• 8. Socioeconomics The primary socioeconomic impacts of the pipeline project include population effects associated with the influx of construction workers and the impact of these workers on public services and temporary housing during construction. Secondary socioeconomic effects include increased sales and property tax revenue, job opportunities, income associated with local construction employment, increased vehicle traffic, and impacts on roads. We received comments regarding the effect of the project on property values and insurance policies. The real potential for these impacts is unclear and would likely be highly variable. To address this issue we are recommending that Constitution document any property insurance issues and describe efforts to coordinate with the affected landowners to mitigate impacts. Construction of the projects would result in minor positive impacts due to increases in construction jobs, payroll taxes, purchases made by the workforce, and expenses associated with the acquisition of material goods and equipment. Operation of the projects would have a minor to moderate positive effect on the local governments’ tax revenues due to the increase in property taxes that would be collected. Cultural Resources Constitution conducted archival research and walkover surveys of the area of the proposed project to identify historic aboveground resources and locations for additional subsurface testing in areas with potential for prehistoric and historic archaeological sites. Constitution identified 138 historic aboveground resources within the area of direct impact for the proposed pipeline route. Of those, we have determined that 15 of these historic aboveground resources are eligible for listing in the National Register of Historic Places (NRHP). Two of the 15 NRHP-eligible resources would be adversely affected by the proposed pipeline. Constitution would implement measures to avoid, minimize, or mitigate any anticipated adverse effects on eligible historic aboveground resources as part of the ongoing process to comply with Section 106 of the National Historic Preservation Act. Twenty-six archaeological sites and 17 stone pile sites would be located within the proposed pipeline construction right-of-way, one archaeological site would be located in the area of potential impact at a proposed contractor yard, and one cemetery would be within a proposed access road corridor. Constitution has recommended 17 archaeological sites that would be impacted by its project as potentially eligible for listing in the NRHP. Constitution would either modify the project to avoid impacts, or provide suitable mitigation. Iroquois identified a single archaeological site during its Phase I survey. The site is not eligible for listing in the NRHP, and the New York Office of Parks, Recreation and Historic Preservation agreed. We consulted with federally recognized Native American tribes (15 associated with Constitution’s project and 10 associated with Iroquois’ project) and three tribes that are not federally recognized to provide them an opportunity to comment on the proposed projects. Several tribes and organizations requested additional consultation or information, but none have provided comments on the projects. To ensure that our responsibilities under Section 106 of the National Historic Preservation Act are met, we are recommending that the Applicants not begin construction until any additional required surveys are completed, survey reports and treatment plans (if necessary) have been reviewed by the appropriate parties, and we provide written notification to proceed. Executive Summary ES-8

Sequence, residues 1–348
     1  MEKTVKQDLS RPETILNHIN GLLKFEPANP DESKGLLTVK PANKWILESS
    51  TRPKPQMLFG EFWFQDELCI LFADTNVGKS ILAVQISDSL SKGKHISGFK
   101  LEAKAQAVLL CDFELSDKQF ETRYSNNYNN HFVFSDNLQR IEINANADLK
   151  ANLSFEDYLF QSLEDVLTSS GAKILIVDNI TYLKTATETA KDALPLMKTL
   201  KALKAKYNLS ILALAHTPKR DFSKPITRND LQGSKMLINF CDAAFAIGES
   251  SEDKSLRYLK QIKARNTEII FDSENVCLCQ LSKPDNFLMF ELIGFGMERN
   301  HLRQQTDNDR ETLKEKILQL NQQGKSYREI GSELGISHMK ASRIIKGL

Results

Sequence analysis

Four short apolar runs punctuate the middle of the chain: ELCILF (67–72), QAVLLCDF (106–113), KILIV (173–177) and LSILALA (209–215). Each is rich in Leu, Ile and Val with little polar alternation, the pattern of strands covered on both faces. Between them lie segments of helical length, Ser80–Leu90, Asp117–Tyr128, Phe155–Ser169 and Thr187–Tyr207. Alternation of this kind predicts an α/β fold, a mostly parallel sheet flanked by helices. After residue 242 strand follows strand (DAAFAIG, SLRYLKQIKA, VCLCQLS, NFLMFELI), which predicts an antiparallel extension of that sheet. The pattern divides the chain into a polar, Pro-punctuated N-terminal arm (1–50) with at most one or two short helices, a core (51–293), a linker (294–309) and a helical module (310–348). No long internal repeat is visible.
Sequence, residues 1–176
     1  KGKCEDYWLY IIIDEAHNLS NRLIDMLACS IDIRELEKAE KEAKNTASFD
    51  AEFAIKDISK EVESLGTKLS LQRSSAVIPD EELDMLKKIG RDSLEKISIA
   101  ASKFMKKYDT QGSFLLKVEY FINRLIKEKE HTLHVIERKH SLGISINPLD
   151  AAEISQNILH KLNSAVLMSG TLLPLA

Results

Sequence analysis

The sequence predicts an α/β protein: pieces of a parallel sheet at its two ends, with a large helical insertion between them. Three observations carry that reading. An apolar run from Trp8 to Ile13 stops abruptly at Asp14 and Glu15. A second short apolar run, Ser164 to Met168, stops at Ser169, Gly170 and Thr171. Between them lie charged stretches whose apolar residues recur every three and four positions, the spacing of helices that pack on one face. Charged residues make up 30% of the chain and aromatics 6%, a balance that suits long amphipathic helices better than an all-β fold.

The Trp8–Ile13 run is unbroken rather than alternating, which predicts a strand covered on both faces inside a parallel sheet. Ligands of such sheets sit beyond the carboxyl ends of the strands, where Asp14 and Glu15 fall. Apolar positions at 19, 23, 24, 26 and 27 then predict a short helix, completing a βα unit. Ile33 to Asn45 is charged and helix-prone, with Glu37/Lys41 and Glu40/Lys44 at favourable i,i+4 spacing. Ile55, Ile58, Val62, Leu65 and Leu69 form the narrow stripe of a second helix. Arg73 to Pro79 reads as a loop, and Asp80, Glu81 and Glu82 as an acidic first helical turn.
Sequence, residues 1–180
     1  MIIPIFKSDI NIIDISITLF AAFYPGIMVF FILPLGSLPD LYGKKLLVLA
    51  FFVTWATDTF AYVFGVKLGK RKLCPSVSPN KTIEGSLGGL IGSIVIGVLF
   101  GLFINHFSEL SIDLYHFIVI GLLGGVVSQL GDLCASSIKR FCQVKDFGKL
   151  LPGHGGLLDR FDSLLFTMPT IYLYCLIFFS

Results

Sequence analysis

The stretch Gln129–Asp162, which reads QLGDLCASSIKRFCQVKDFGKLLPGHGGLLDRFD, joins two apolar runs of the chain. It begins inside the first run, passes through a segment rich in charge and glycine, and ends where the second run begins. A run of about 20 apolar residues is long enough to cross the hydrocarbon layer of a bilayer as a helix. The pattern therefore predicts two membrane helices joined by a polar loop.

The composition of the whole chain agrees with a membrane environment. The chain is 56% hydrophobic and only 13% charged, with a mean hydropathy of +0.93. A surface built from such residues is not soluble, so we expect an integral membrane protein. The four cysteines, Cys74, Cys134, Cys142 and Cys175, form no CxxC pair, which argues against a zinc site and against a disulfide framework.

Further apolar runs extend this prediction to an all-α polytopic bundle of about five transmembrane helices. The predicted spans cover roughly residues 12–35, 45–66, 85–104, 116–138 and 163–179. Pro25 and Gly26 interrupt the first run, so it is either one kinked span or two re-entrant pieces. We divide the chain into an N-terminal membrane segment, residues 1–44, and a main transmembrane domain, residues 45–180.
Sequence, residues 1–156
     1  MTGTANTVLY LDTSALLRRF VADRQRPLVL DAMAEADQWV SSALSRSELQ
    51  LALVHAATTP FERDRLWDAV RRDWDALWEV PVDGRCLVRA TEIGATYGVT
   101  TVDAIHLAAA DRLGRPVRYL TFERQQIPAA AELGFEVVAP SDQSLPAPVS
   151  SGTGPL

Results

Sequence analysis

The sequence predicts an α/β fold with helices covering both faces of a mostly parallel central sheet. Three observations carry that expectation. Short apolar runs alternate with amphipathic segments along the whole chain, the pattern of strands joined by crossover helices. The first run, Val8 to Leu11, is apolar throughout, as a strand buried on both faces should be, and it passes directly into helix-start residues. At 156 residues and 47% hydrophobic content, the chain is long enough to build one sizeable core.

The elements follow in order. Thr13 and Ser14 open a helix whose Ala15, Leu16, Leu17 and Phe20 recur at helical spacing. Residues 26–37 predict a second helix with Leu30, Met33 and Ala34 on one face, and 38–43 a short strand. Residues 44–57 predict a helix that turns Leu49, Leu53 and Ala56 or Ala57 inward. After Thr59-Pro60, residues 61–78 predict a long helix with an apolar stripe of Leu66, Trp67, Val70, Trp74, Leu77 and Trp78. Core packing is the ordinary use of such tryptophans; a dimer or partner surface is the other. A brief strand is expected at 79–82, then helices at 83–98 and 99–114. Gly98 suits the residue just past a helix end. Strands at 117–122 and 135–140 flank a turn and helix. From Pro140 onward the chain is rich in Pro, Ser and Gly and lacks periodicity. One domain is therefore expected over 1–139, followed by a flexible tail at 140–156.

• 9. Air Quality and Noise Air quality impacts associated with construction of the projects would include emissions from fossil-fueled construction equipment and fugitive dust. Such air quality impacts would generally be temporary and localized, and are not expected to cause or contribute to a violation of applicable air quality standards. Emissions generated during operation of Constitution’s project would be minimal, limited to emissions from maintenance vehicles and equipment and fugitive emissions. Operation of the new turbines at the compressor transfer station would result in the existing Wright Compressor Station becoming a “major source” of greenhouse gas emissions requiring a Title V application and permit at start-up of the new compressors. Because Title V is only required for greenhouse gas emissions, the proposed turbines would still be permitted and regulated as “minor sources” and “minor modifications” with regard to emission controls and other requirements. Most of the project area is in attainment for criteria pollutants. Extensions of the construction schedule past the estimated 9 months may result in increases in construction emissions that would exceed the general conformity applicability threshold. Therefore, we are recommending that if such modifications occur within Schoharie County, then the Applicants would have to provide additional emissions data to assist in our preparation of a General Conformity assessment. Noise would be generated during construction of the pipeline and aboveground facilities for both projects. Construction activities in any one area would typically last from several days to several weeks on an intermittent basis. Construction equipment would be operated on an as-needed basis during this period, and would not be expected to exceed the FERC’s noise standard of 55 decibels on a A-weighted scale – day/night average (dBA-Ldn) at the nearest noise sensitive areas (NSAs). However, we are recommending that Constitution develop a site-specific noise mitigation plan for a NSA near one of Constitution’s HDDs. Some noise would be generated by the operation of Constitution’s M&R Stations and Iroquois’ facility. An acoustical analysis was completed to identify the estimated combined noise impacts on the nearest NSAs from both the Westfall Road M&R station and Iroquois’ compressor station. The results of the acoustical analysis demonstrate compliance with the FERC’s noise standard of 55 dBA (Ldn). However, to ensure that the actual noise levels produced by the compressor station facilities, we are recommending that Iroquois submit noise surveys and add noise mitigation until noise levels are below our acceptable thresholds. Implementation of Constitution’s and Iroquois’ proposed measures such as acoustical enclosures and absorptive noise barriers as well as our additional recommendations would adequately minimize air and noise-related impacts associated with the projects. Reliability and Safety The pipeline and aboveground facilities associated with the proposed projects would be designed, constructed, operated, and maintained to meet the Department of Transportation’s (DOT) Minimum Federal Safety Standards in 49 CFR 192 and other applicable federal and state regulations. These regulations include specifications for material selection and qualification; minimum design requirements; and protection of the pipeline from internal, external, and atmospheric corrosion. The Applicants would also perform integrity risk assessments of the facilities, which would be instrumental in early detection of leaks and would reduce the likelihood for pipeline failure. The ES-9 Executive Summary